Avionics: Why are the time delays and frequency effects important?
Lee: If a sound comes from a certain direction relative to the hearer, there will be certain time delay and frequency effects associated with the sound. These effects can be mapped in the localization facility and captured in algorithms known as head-related transfer functions. These transfer functions are like filters that allow you to adjust where the sounds seem to be coming from in space in order to better identify and comprehend the different sources of information. You run sound through the filter and that's what puts it back out, for example, 90 degrees here or over there, down there. We modify the signal, basically, as it's coming in, in real time.
By putting the time and frequency effects of one sound back into another sound, and then putting it back into the stereo headset, you can recreate the second sound as if it came from the direction of the first. That's what we've been able to do.
Avionics: How would this apply to an intercom system, for example?
Lee: Sounds are coming in over a radio or an intercom system. So if I've got five different people coming over five different intercoms, I now can put them on the headset and spatialize their locations. This helps with the comprehension of what is said. If I wanted to know where my wingman is for formation flying, I could make the radio conversation come from where he is relative to me. Then I would quickly have intuitive knowledge of where he is. This would improve a pilot's situational awareness.
Avionics: How well are humans able to localize sounds?
Lee: We have run thousands of experiments in the past couple of years--hundreds and hundreds of different types of experiments--because we're trying to maximize people's efficiency. We found out the best places to put the sounds if you want to listen to seven people. For example, equal spacing of sounds is not optimal most of the time. Most people can localize a sound to about 10 to 12 degrees. The best localizers can detect sounds at spacings of about 2 degrees. Conversely, we found out that some people are naturally bad localizers, just as some people are color blind. They can't localize within 30 degrees.
Avionics: Could you give us an example of the head transfer function?
Lee: The best example I can think of is a car stereo. It's got filters: bass boost, etc. Sounds coming in from the radio station are running through a filter that makes the sounds appear to be more powerful. They are amplifying some of the midranges. You prop up a lot of the other stuff and get mostly in the speech range. So then the voices come through a lot clearer even if the signal's been distorted a little bit. That's the same thing we're doing, essentially, except with the interaural time delay and the interaural frequency effect. So it's filtering, not a modulation. And we pay attention to the timing, which is kind of a phase delay.
Avionics: How many sounds can a listener discriminate simultaneously?
Lee: We can put up as many signals as you want. One of the research efforts we do here is to examine how much an individual can logically take in. I've actually got some data on that. The answer is, once you get past four or five people talking at the same time, then your ability to comprehend what they're saying begins to drop off, although some people can do 12 people. But you can listen to all five at the same time. We've actually found that by spatially separating the sound, we can improve people's intelligibility scores, We recreate what occurs naturally over a headset. So now it's easier to keep track of people that are talking, and who's doing the talking.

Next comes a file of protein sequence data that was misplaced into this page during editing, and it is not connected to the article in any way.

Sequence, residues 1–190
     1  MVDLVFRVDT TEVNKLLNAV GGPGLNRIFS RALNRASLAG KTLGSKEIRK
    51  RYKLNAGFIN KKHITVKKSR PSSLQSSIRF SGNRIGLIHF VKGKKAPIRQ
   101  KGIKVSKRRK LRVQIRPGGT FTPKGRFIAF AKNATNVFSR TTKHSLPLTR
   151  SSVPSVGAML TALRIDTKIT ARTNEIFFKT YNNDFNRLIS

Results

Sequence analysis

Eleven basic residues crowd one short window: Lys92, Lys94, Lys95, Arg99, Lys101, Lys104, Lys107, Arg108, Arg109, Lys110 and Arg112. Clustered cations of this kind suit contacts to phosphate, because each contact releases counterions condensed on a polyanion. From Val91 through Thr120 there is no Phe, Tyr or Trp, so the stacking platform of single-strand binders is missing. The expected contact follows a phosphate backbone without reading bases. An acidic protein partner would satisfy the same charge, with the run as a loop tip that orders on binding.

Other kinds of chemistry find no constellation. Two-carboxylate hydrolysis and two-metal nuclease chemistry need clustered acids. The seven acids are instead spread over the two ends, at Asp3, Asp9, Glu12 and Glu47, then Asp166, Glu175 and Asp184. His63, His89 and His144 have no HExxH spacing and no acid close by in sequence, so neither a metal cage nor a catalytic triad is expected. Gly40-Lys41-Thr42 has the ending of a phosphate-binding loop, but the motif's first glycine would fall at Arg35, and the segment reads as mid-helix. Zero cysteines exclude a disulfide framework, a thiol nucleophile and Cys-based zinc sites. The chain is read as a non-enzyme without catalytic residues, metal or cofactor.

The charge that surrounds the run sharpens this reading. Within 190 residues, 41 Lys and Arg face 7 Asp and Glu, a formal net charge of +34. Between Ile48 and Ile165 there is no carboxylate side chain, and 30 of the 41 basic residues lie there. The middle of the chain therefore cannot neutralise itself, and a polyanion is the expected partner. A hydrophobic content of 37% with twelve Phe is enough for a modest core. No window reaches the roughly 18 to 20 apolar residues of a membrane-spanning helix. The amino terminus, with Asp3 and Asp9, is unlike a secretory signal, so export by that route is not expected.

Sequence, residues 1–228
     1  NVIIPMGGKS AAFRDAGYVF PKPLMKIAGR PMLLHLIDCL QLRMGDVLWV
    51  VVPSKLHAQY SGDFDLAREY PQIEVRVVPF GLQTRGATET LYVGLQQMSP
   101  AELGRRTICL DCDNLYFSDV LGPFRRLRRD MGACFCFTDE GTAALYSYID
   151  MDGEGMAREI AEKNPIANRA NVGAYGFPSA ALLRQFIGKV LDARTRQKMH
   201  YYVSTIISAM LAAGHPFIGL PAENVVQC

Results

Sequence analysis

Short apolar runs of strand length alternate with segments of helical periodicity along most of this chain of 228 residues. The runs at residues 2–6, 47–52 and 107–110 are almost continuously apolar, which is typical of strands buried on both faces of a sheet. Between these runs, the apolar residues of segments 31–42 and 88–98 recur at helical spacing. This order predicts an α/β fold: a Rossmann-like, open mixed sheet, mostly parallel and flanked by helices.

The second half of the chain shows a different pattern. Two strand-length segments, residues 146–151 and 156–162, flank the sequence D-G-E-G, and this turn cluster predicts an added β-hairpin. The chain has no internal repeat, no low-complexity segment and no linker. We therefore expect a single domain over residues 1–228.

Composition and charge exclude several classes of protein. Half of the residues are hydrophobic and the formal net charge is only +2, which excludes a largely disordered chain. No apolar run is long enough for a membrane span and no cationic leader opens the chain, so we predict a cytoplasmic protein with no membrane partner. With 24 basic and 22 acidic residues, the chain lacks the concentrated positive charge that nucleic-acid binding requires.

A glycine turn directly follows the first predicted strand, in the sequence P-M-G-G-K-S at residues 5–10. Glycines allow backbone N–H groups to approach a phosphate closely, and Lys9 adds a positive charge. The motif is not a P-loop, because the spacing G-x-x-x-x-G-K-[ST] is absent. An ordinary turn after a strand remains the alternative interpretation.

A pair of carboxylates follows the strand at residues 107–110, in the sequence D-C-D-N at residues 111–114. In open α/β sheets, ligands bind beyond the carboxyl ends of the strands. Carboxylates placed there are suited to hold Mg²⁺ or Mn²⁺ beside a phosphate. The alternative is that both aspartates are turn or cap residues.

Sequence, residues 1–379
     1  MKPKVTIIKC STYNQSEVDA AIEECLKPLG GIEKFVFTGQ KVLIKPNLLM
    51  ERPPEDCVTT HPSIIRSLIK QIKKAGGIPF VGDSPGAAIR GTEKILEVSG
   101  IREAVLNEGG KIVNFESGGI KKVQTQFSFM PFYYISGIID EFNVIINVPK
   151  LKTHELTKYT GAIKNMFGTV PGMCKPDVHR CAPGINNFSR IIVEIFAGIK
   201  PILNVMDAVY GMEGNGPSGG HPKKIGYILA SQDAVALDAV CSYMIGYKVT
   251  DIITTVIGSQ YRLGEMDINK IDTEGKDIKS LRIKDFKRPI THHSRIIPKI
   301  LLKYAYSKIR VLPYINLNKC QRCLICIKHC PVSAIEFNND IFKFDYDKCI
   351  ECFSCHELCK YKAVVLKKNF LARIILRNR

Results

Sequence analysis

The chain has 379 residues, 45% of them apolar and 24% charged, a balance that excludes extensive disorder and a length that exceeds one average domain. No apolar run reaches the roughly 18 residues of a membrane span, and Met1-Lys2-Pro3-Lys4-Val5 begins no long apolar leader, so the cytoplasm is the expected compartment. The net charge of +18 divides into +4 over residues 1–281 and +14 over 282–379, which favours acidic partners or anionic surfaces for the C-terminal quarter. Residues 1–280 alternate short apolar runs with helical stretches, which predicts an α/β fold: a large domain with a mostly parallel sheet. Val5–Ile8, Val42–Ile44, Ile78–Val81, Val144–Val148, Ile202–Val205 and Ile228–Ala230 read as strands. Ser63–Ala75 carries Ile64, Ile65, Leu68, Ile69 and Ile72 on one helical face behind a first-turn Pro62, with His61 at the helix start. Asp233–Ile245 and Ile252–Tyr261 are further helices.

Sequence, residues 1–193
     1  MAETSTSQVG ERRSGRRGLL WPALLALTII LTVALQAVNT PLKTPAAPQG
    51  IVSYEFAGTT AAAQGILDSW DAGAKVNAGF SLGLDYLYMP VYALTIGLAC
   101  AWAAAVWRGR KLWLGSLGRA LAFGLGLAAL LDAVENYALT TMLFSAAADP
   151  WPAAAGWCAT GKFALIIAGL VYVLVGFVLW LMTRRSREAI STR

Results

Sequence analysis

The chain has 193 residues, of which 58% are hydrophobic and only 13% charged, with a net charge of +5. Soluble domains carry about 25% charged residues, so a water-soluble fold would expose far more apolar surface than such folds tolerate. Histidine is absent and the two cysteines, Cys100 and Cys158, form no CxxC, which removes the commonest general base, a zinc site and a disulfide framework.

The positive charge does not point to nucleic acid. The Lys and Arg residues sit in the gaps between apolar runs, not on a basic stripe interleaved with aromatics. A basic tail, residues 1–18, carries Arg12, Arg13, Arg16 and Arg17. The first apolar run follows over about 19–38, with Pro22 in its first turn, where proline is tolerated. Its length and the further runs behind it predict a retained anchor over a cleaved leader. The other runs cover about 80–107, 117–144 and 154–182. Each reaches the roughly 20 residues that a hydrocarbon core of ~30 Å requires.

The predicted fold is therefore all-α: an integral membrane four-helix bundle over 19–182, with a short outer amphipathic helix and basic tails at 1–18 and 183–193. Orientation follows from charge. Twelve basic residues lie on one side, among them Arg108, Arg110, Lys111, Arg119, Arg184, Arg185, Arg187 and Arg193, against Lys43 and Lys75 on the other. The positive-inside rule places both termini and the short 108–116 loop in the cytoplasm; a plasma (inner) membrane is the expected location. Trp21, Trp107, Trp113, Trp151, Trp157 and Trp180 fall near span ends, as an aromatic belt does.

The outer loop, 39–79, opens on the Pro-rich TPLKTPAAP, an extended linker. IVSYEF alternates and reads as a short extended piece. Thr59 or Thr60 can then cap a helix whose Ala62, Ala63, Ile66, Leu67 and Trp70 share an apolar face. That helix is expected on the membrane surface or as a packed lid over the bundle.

Avionics: You have to have a stereo headset and a head tracker?
Lee: With a monaural headset, if you're listening to two people, you probably can catch most of the right answers although they step on each other a little bit. With stereo headsets, you can put one in each ear, and that's good. So 3D audio doesn't give you much of an advantage with two talkers.
As you bring up the number of people, however, your ability to listen to all of them degrades to the point where, when you get seven people talking, you're only getting 20 percent of the correct responses about things you're supposed to be looking for. Whereas, with that same scenario, with nothing changed except plugging in 3D audio in your stereo headset, people can get up to 60 percent of the correct answers. For most applications you would need a head tracker, too. Without it you would lose the directional information when you turn your head.
Avionics: Why is 3D audio technology so easy to use?
Lee: We think that people who listen to multiple conversations through 3D audio are able to comprehend critical information better because it is getting them closer to the natural way their audio systems were trained as they were growing up. Tests show that with spatial audio all listeners, even untrained listeners, can pick out target items with higher accuracy.
Avionics: What else are you looking at?
Lee: If you vary the volume and pitch, you can improve people's comprehension because you make distinctions of both space and content. We can do the spatialization of sound, but now we are looking at what content or symbology we should put out in space to help a person do a job better. We're also looking at voice inflections and distance cueing. And how do you pick up that something is moving? You can put in a frequency shift, but that's not what people are picking up on. We are trying to understand what people actually cue in on to improve their ability to process the content of the communication.